Commingled accounts can throw a monkey wrench into the best Subchapter S tax plan.
A Subchapter S is an election you make with the IRS to treat taxes as a pass-through and avoid double taxation of both the corporation and the owner.
Another advantage of a Subchapter S is that it can reduce employment taxes (Medicare and Social Security taxes) for the owner. Here is how it works. The owner becomes an employee of the company. As long as he takes a reasonable salary, the owner doesn’t have to pay employment taxes on corporate distributions over and above the salary.
However, if the owner takes non-salary distributions without keeping good track of how much he is spending, he could run afoul of the IRS. How? By taking distributions that far outstrip his salary. Tax law requires that the owner’s salary not be unreasonably low compared to profit distributions.
What can happen is that the owner loses track of how much he is taking out of the company for personal purposes. This is easy to do when you mix personal and business expenses and don’t have good accounting controls.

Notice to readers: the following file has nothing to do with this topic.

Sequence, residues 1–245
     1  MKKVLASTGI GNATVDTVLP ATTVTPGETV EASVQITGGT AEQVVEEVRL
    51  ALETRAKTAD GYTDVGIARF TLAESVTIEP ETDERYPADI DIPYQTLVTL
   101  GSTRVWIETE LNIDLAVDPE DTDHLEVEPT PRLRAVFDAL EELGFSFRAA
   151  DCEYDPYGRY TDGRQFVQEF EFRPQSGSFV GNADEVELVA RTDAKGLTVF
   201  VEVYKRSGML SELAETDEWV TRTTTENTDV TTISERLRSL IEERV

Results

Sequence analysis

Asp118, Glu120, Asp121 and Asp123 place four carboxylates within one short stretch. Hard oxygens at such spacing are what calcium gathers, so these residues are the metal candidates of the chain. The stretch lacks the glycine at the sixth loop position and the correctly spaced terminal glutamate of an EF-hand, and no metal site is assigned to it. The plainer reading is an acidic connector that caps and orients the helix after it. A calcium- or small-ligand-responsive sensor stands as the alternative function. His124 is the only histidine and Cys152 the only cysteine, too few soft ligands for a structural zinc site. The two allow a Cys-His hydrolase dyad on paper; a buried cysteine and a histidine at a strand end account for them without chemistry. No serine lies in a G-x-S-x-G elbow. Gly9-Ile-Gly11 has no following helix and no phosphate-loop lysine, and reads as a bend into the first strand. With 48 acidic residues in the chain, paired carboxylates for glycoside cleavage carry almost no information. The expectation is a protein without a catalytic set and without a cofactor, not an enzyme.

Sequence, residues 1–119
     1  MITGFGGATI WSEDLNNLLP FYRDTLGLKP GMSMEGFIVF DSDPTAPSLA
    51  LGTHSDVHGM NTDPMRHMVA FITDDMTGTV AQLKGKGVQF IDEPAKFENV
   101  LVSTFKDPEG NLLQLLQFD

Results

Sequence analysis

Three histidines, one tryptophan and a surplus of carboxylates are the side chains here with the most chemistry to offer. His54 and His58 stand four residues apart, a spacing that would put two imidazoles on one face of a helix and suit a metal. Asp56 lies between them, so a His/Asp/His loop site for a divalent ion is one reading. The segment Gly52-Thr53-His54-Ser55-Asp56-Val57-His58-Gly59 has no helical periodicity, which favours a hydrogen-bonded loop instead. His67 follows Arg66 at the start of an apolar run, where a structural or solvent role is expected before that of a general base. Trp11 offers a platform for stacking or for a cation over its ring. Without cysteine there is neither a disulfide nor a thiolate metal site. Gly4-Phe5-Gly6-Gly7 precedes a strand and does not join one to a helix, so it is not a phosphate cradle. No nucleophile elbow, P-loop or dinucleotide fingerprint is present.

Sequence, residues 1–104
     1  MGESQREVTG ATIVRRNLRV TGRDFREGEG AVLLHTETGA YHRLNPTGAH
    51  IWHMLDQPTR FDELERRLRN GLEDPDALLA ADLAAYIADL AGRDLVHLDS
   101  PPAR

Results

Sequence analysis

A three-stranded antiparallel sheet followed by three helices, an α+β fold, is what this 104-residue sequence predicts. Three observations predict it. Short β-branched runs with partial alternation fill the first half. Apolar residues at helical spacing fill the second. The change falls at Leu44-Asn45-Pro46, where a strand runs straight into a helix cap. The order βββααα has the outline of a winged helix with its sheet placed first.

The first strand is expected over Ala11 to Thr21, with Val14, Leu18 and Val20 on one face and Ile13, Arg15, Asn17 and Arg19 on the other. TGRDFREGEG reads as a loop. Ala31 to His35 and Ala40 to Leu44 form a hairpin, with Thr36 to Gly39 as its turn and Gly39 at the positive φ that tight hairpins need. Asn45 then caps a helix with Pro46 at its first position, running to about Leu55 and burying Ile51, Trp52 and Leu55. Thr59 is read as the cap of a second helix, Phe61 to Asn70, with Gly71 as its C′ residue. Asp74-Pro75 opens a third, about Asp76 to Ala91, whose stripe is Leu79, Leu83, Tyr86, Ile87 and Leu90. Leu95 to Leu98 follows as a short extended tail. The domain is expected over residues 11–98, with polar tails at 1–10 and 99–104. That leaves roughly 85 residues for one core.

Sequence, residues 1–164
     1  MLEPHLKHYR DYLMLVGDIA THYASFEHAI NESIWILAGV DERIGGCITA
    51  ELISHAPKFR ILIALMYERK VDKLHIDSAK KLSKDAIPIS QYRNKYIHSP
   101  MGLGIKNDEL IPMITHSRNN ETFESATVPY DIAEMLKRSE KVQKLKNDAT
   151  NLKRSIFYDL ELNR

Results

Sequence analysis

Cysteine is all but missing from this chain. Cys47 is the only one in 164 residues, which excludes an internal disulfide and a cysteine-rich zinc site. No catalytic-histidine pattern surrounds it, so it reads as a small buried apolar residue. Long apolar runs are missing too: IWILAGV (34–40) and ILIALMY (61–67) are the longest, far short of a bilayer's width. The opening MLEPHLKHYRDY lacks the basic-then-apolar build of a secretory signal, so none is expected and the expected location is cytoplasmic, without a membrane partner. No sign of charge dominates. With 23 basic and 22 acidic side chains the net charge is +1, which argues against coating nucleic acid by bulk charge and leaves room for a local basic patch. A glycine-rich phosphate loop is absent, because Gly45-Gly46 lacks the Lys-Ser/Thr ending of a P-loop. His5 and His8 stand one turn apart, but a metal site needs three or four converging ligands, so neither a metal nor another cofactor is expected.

As Nolo.com states, “If the IRS concludes that an S corporation owner has attempted to evade payroll taxes by disguising employee salary as corporate distributions, it can recharacterize the distributions as salary and require payment of employment taxes and penalties which can include payroll tax penalties of up to 100% plus negligence penalties.”
7. Makes it harder to profit and grow
The more disciplined a business is about finances, the greater the likelihood of success. If you are loosey-goosey handling bank accounts, it can cause your business to lack fiscal discipline in other ways. And that puts an unnecessary impediment in front of you.
Any financial reports may show an inaccurate picture of the business, because they may include personal expenses. How in the world can you generate a useful Profit and Loss statement (P&L) without clean data?
At the very least you will have to stop to clean up your data first. This robs you of real-time reporting capability.
Overall, by mixing personal and business funds and not maintaining discipline, it becomes harder to manage the business toward profits and success.
Best Practices for Business and Personal Expenses